3.4. Singleton session beans
Singleton session beans were added in EJB 3.1. As their name suggests, only one instance
is created during the lifecycle of an enterprise application. Thus, all clients access the same
bean, as shown in figure 3.10 . Singleton beans solved two architectural problems that had
long plagued Java EE applications: how to initialize at server startup and also have only a
single instance of a bean. Solutions prior to EJB 3.1 involved the use of “startup servlets”
or JCA connectors. Countless applications undoubtedly violated the Java EE specification
and used static variables or nonmanaged objects. At best these were inelegant solutions,
but many solutions were undoubtedly unsound.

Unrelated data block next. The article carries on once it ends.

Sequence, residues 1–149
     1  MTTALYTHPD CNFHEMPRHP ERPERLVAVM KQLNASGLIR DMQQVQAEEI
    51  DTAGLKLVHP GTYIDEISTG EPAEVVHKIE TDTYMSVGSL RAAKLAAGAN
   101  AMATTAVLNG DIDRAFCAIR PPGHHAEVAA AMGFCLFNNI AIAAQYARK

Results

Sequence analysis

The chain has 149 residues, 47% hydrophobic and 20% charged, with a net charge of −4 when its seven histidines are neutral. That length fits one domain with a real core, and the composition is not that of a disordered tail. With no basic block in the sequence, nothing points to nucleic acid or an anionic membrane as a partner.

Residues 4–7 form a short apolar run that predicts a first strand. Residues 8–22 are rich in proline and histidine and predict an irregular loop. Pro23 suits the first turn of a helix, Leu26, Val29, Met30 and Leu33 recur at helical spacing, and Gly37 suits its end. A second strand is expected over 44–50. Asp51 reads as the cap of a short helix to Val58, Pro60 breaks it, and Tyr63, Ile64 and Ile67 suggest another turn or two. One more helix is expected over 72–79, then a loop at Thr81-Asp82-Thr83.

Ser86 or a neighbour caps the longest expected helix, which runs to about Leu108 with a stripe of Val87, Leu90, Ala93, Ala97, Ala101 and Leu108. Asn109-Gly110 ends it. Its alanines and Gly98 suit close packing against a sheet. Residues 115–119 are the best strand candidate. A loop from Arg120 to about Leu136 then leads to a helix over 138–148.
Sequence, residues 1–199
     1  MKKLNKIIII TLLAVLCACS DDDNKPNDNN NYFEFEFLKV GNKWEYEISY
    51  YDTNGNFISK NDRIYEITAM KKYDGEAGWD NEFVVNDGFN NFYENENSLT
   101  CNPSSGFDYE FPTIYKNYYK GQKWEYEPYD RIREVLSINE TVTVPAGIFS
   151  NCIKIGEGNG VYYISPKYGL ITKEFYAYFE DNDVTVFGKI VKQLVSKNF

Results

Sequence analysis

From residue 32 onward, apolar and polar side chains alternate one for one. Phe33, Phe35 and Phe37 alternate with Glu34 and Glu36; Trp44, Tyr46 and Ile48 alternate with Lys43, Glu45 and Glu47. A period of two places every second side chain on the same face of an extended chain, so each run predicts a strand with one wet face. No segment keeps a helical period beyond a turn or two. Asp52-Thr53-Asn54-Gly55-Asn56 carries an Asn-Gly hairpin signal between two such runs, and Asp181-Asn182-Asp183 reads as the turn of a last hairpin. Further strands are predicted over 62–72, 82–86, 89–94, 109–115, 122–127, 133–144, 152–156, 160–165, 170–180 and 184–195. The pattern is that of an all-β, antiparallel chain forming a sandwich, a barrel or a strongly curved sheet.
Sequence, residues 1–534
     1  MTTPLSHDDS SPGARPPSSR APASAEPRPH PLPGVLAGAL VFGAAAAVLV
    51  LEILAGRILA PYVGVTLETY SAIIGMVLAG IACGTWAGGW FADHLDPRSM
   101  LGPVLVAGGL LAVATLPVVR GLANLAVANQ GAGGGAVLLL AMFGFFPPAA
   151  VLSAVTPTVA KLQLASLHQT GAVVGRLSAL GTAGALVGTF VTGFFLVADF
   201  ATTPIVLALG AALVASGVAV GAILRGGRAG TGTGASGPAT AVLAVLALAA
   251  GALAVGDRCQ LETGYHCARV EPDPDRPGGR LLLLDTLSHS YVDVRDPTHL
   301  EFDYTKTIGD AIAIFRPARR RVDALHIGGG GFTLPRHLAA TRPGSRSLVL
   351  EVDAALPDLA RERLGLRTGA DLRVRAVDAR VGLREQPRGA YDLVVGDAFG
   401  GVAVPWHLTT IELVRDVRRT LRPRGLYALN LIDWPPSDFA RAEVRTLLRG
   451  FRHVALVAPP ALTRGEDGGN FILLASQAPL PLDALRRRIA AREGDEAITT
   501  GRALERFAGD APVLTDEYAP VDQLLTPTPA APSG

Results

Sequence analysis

Figure 3.10. A single bean instance is created that all clients then use.
Singleton session beans are very similar to stateless session beans. Singleton beans support
the same callbacks as stateless session beans but come with some unique features, in-
cluding the ability to control concurrent access to the bean as well as the ability to chain
singleton bean instantiation. Chaining instantiation means that one bean can depend on an-